One might think that Ed Bonifas of Alarm Detection Systems Inc., featured on the cover, has been doing some gardening of a different kind. He is depicted here standing on a lawn full of wireless radio transceivers that appear to be sprouting up from the ground. Of course, this is a conceptual photograph designed to convey the themes of planting/yielding, growth, teamwork and networking. These correspond with the subject matter in our article, “The Changing Face of Alarm Transmission,” which begins on page 48. (And although I enjoyed spending the day outdoors with Ed, our photographer John Geiger, and some of ADS’s technicians â€” it wasn’t exactly a day at the beach helping to set up more than 40 radios for this photo!)
Alarm Detection Systems and thousands of other security dealers are increasingly turning to wireless transmission products for alarm signaling. Radio-based alarm communication networks such as cellular and mesh are reliable and carry UL listings for fire as well as burglary; they provide dealers with options when consumers discontinue traditional telephone landlines.
There are many types of networks on which dealers can base their alarm communication business. Some networks rely on a unique radio frequency, while others use GSM cellular technology that has widespread geographic coverage. Some systems are point to point, while others â€” such as Alarm Detection Systems’ â€” are a mesh configuration in which transceivers act as repeaters for one another. Just as with choosing the right flowers for your garden based on the amount of sunlight, soil type and other factors, choosing the right wireless communication network for your alarm subscribers should be based on the type of customer base and operation that you have.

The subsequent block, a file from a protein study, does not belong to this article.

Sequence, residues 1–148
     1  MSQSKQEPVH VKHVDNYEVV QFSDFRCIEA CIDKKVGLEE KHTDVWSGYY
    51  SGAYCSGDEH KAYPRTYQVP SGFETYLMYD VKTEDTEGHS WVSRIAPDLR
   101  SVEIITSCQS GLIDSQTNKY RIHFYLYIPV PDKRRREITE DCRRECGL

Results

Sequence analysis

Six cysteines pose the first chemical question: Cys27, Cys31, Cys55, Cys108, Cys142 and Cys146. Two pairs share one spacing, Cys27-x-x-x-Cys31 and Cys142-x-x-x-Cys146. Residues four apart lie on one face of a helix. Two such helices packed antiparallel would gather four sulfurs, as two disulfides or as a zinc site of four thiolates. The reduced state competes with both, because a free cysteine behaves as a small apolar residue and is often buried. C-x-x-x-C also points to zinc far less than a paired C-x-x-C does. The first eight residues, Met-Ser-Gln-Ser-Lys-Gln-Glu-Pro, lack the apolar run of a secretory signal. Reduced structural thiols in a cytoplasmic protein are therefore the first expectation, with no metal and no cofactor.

For example, Alarm Detection Systems, an SDM 100 dealer with more than 27,000 subscribers, is a regional company with a densely populated customer base (see the company’s map of radio transceivers on page 49). Alarm Detection Systems began building its radio network in 1997 with just one subscriber unit (radio), and today it encompasses nearly 7,000 units. The relative closeness of subscribers is what makes the mesh network effective â€” and the network is owned by the alarm dealer.
“One of the things we like about having our own network is we’re in control of our own destiny,” Bonifas said. “When [cellular carriers] took down the AMPS network, whoever wasn’t changed to GSM was [left out]. In this case we have our own frequency. We are masters of our own domain.”
Call on the providers cited in this article and learn more about which type of alarm communication network is right for your business. As with a flower garden, the initial work of setting up your subscribers on a radio network can be demanding, but the payoff is always worth it.